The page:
Wildlife smuggling continues in frontier areas | dehradun | Hindustan Times
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Wildlife smuggling continues in frontier areas

Earlier, the Sashastra Seema Bal and the Indo-Tibetan Border Police have helped in cracking several wildlife crime cases. Ironically, the ‘carrier’ in Pithoragarh was arrested a few days after the National Tiger Conservation Authority, the Wildlife Crime Control Bureau and the Wildlife Institute of India discussed a strategy with Nepalese officials on checking illegal wildlife trade, and discussed strengthening border vigilance.

dehradun Updated: Sep 30, 2017 20:45 IST
Nihi Sharma
Nihi Sharma
Hindustan Times
Leopard skins are a prized collection for a section of those interested  in hunting.
Leopard skins are a prized collection for a section of those interested in hunting.(PHOTO FOR REPRESENTATION)

DEHRADUN:The Pithoragarh case in which three leopard skins were smuggled from Nepal highlights the flourishing illegal cross-border wildlife trade despite the presence of central armed police forces in frontier areas.

Earlier, the Sashastra Seema Bal and the Indo-Tibetan Border Police have helped in cracking several wildlife crime cases. Ironically, the ‘carrier’ in Pithoragarh was arrested a few days after the National Tiger Conservation Authority, the Wildlife Crime Control Bureau and the Wildlife Institute of India discussed a strategy with Nepalese officials on checking illegal wildlife trade, and discussed strengthening border vigilance.

Those involved in wildlife conservation feel involvement of locals, lack of sources on ground to identify and monitor suspects and lack of plan to avert poaching are undoing the efforts to save wild animals, including the leopard. “Border is a very sensitive area and we have defence forces that keep a watch over everything. With limited staff with us, it is impossible to man every big cat,” chief wildlife warden Digvijay Singh Khati said.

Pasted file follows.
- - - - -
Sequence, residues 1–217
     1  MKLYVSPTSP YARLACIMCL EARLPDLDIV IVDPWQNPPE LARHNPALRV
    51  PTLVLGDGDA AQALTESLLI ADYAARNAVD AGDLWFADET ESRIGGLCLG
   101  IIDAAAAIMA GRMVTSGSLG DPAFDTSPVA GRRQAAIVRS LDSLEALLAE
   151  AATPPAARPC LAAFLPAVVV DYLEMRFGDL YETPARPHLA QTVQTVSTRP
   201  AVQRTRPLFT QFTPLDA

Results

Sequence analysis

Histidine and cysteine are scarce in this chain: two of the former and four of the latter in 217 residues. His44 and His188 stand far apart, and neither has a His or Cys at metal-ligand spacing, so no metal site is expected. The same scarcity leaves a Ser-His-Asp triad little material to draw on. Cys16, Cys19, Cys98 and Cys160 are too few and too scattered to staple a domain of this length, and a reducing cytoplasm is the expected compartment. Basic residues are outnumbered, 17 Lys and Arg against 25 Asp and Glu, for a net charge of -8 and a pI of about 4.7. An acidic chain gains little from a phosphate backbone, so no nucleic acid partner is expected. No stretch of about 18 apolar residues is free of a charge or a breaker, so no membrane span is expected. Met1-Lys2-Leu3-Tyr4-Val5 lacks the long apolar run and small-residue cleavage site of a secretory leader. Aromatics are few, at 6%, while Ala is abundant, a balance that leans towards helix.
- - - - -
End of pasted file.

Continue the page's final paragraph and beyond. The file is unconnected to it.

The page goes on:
So far, the forest department has failed to create a network of informers in border areas as well as the adjoiningvillages outside protected areas. In June, a resident of Mothrawala in Dehradun forest division was arrested with a leopard skin. Prior to that body parts of pangolins and jackals were seized from bordering villages of the Rajaji Tiger Reserve.

“Involvement of locals can only be monitored if there’s extensive network of sources on the ground. The forest department of Uttarakhand lacks this network,” a forest officer said.

Sunish Kumar, project director at Delhi-based NGO Wildlife Protection Society of India (WPSI), holds the same view. “We do have agencies like the Wildlife Crime Control Bureau and other NGOs, but what we lack is a network of people on the ground that can rigorously work on such cases. These people can be locals, forest staff, police or even sources,” Kumar told Hindustan Times.

According to the WPSI, 336 leopards have died till September 28 this year in the country. Uttarakhand tops the list with 78 mortalities of which 37 were poaching and seizure cases. The state also reports maximum leopard attacks on humans.

Madhya Pradesh comes a distant second with 32 mortalities, including 15 of poaching and seizures. The forest department is not counting the Pithoragarh case as it maintains that the three leopards - protected under Schedule 1 of the Wildlife Protection Act - are not from the state.